Front gardens and driveways come in all shapes and sizes. They are primarily a functional space with several uses, including access to the property, garage and parking. As a result, taking all of this into consideration, often proves a challenge for clients. Despite this, they are high areas of traffic and offer a great opportunity to cheer you up on your way in and out the house.
The RHS campaign ‘Greening Grey Britain’ advises the public on how to use these spaces more creatively to support wildlife, reduce flooding risk and improve the nations’ health.
Even small areas offer a design opportunity to frame the property, emphasise an entrance or path, or provide some privacy. On a busy road, trees help reduce pollution from exhaust fumes and an evergreen hedge can provide a vital wildlife corridor.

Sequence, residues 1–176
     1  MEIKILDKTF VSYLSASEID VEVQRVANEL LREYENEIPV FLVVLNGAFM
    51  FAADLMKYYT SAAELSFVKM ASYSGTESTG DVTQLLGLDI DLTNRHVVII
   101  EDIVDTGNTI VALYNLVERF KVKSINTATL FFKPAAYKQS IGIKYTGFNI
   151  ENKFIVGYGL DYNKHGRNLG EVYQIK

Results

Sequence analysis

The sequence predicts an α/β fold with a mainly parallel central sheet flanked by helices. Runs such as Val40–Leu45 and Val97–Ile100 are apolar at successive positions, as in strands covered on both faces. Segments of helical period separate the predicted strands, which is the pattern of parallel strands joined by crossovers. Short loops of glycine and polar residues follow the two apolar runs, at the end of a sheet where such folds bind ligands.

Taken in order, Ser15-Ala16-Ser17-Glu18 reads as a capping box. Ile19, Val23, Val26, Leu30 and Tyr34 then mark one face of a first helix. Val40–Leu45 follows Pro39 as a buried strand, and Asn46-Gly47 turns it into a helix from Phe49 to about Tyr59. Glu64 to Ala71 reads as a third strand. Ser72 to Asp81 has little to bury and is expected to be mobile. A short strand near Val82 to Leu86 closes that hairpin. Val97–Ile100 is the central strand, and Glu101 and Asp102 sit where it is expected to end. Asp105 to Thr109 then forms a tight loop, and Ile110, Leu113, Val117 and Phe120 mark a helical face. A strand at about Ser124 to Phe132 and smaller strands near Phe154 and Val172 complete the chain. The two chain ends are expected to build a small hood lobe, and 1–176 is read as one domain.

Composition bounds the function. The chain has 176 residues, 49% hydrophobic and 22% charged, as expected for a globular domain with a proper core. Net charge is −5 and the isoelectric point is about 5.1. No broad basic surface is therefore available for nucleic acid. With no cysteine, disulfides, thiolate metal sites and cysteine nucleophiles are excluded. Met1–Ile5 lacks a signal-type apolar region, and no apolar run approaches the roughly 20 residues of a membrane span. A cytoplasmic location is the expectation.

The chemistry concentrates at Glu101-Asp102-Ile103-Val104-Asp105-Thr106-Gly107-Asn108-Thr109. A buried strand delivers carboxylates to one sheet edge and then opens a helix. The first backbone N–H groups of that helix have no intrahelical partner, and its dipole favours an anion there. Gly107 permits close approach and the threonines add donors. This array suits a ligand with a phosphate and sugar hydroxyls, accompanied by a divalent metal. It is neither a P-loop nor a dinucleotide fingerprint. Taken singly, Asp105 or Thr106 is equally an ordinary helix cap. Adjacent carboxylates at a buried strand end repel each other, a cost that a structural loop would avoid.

In contrast, large front gardens are at risk of becoming bland areas of hard landscaping. Good design, considering the movement of vehicles, parking and access, can turn your entrance into a real asset. Furthermore, a strong planting scheme that works in harmony with the practicalities of the space, enhances the landscape.
In some cases, the property’s main garden is at the front of the house and shares the space with the driveway. In addition, these gardens often lack privacy and as a result are under-utilised. A design that creates definition and screening can really improve the experience and usability of the garden.